ST. LOUIS ( -- African Americans are some of the hardest hit by COVID-19 in St. Louis and one person is offering millions worth of grants to those who are making a difference in the community. 

So many people are pinching pennies and trying to make a dollar out of 15 cents. People are hurting. People are struggling. And some just don't know where to turn. But one organization is offering more than 2 million reasons to find hope.

In nearly every part of St. Louis City and County, the novel coronavirus is hitting the black community especially hard.

[READ: 46% of population. 68% of deaths. Virus shows 'inequities' in St. Louis African American community, doctors say]

Attacking the virus Dr. Starsky Wilson says is goal number one. Wilson is with the Deaconess Foundation.

"It's critically important, right now, as we see the first deaths for COVID-19 and a disproportionate amount of deaths for COVID-19 in the region are African Americans," Wilson said.

He's ready to put his money where his mouth is to address the coronavirus pandemic head on.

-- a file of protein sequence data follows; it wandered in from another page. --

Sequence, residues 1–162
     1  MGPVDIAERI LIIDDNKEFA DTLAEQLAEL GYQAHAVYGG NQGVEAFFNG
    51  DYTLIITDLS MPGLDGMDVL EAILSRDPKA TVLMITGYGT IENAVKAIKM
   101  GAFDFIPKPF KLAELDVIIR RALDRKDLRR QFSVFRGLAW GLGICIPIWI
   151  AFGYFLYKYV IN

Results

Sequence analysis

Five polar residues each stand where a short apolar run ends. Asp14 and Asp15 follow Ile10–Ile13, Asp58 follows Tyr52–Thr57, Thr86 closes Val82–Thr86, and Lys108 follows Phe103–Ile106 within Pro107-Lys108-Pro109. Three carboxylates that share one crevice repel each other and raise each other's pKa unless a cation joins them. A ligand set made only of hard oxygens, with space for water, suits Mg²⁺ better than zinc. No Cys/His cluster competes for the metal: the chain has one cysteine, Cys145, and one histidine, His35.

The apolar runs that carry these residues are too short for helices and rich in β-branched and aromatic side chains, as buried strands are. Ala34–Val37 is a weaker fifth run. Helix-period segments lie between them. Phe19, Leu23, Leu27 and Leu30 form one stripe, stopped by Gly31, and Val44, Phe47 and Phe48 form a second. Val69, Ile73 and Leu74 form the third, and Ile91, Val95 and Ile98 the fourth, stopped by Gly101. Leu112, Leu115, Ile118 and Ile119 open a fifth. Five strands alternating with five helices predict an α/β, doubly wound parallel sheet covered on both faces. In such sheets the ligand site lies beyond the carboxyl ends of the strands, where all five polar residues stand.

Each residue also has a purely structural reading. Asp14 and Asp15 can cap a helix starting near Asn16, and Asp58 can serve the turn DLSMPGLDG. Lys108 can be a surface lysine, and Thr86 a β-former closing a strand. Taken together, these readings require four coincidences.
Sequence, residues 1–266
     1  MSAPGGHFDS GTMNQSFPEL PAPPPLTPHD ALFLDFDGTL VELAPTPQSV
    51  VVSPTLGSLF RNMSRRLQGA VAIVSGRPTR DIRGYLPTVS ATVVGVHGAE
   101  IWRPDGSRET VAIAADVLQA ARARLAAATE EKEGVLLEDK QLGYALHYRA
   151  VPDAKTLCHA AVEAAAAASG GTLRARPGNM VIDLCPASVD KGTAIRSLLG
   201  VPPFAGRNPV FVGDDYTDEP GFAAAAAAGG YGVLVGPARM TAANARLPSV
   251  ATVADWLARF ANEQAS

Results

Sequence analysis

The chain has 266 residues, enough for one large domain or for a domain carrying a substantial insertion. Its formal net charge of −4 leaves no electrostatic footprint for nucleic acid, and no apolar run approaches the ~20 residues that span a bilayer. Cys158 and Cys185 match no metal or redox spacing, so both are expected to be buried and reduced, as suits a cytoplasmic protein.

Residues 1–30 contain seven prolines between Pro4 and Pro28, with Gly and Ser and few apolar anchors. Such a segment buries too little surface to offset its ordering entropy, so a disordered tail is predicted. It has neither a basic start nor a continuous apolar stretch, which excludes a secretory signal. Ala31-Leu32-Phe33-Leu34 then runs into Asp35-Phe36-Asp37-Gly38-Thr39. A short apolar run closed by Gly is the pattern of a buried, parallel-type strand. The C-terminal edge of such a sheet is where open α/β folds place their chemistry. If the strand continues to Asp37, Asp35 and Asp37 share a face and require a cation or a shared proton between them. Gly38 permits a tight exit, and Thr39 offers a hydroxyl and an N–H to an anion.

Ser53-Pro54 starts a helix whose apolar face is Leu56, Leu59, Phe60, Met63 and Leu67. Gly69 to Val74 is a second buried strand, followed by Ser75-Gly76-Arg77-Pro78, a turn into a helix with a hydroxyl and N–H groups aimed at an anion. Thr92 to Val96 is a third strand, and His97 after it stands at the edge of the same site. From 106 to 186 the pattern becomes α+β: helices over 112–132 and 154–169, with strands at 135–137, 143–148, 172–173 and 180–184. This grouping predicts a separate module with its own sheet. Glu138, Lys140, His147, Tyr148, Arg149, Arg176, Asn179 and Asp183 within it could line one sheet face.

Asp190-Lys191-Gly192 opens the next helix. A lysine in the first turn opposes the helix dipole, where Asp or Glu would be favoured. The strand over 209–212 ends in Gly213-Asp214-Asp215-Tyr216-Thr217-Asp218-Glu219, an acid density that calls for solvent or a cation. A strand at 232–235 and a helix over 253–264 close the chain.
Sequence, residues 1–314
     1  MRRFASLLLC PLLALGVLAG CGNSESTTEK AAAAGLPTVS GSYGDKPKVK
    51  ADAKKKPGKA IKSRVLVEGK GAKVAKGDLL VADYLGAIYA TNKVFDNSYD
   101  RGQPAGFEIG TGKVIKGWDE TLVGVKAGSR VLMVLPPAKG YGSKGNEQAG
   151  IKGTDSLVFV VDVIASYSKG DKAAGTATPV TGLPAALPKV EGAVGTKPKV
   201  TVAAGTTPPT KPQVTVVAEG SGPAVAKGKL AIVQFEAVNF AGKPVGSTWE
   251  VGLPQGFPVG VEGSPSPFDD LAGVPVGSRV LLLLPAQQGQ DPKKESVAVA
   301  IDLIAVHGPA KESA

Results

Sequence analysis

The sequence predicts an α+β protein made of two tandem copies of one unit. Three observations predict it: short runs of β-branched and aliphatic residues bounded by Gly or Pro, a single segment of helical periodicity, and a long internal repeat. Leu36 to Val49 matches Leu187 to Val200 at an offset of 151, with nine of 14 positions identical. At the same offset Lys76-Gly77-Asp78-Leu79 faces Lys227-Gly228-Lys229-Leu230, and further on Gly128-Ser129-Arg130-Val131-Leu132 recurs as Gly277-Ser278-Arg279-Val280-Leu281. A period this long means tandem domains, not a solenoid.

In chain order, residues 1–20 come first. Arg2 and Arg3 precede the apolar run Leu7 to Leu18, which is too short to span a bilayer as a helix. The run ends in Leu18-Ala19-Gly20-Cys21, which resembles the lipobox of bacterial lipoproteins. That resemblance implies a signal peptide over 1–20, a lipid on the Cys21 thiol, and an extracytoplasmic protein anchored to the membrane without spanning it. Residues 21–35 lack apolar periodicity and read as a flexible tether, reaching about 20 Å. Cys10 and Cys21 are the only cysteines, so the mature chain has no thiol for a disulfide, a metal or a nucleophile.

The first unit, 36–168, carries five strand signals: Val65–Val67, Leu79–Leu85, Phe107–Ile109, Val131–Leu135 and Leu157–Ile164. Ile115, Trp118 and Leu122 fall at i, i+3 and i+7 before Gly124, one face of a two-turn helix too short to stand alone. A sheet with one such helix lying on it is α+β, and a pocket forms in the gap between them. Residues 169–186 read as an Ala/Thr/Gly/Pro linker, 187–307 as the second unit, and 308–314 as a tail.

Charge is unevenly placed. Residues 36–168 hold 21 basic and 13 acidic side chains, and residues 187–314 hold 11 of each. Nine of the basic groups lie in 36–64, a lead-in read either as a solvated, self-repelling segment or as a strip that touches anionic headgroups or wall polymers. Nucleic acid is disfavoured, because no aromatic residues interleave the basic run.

As part of the Deaconess Foundation, Wilson is giving $2.2 million worth of grants to black-led organizations.

"I carry the grief and mourning that everyone else does, but all the pain and sense of loss to servants in this community," Wilson said.

Angela Brown is the CEO of the St. Louis Regional Health Commission. Her organization is getting $250,000.

"It's definitely not enough," Brown said. "I think the need, out here, is great. But, it is definitely a good amount to get us started."

The commission works to give healthcare access to those insured and uninsured.

She'll use the money to focus on people older than 50 whether black or white in the St. Louis community.

One problem she sees right away is low income. Another is no transportation.

"When you say shelter in place, you asked them to not have visitors, things like food and other basic needs is something these funds will be able to support," Brown said.

Brown's commission plans to help enhance testing, deliver basic services and assist those with mental illnesses.

Wilson believes all are on the road to the best relief and recovery for social change

"We recognize philanthropy is not the work. The work is the work," Wilson said.

So far, 31 organizations have applied. You can learn more about the foundation and apply for a grant here. 

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